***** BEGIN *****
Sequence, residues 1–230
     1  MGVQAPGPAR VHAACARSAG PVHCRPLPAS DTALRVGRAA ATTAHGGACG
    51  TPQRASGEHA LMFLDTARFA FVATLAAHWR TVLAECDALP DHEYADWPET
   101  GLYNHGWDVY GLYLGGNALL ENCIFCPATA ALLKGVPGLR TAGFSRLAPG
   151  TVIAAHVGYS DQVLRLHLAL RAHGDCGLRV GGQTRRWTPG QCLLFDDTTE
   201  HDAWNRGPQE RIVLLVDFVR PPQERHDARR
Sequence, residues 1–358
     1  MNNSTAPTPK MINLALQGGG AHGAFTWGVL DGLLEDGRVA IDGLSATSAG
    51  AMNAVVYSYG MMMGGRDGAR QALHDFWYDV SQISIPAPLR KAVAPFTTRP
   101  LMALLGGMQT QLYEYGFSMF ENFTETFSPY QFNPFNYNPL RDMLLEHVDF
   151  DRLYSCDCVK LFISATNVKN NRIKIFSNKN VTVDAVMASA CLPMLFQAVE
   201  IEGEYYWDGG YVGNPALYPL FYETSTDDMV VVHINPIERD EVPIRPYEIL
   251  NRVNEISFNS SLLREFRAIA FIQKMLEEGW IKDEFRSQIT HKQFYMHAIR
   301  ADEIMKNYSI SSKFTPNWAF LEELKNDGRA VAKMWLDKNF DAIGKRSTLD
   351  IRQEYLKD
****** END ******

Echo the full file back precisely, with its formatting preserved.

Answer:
Sequence, residues 1–230
     1  MGVQAPGPAR VHAACARSAG PVHCRPLPAS DTALRVGRAA ATTAHGGACG
    51  TPQRASGEHA LMFLDTARFA FVATLAAHWR TVLAECDALP DHEYADWPET
   101  GLYNHGWDVY GLYLGGNALL ENCIFCPATA ALLKGVPGLR TAGFSRLAPG
   151  TVIAAHVGYS DQVLRLHLAL RAHGDCGLRV GGQTRRWTPG QCLLFDDTTE
   201  HDAWNRGPQE RIVLLVDFVR PPQERHDARR
Sequence, residues 1–358
     1  MNNSTAPTPK MINLALQGGG AHGAFTWGVL DGLLEDGRVA IDGLSATSAG
    51  AMNAVVYSYG MMMGGRDGAR QALHDFWYDV SQISIPAPLR KAVAPFTTRP
   101  LMALLGGMQT QLYEYGFSMF ENFTETFSPY QFNPFNYNPL RDMLLEHVDF
   151  DRLYSCDCVK LFISATNVKN NRIKIFSNKN VTVDAVMASA CLPMLFQAVE
   201  IEGEYYWDGG YVGNPALYPL FYETSTDDMV VVHINPIERD EVPIRPYEIL
   251  NRVNEISFNS SLLREFRAIA FIQKMLEEGW IKDEFRSQIT HKQFYMHAIR
   301  ADEIMKNYSI SSKFTPNWAF LEELKNDGRA VAKMWLDKNF DAIGKRSTLD
   351  IRQEYLKD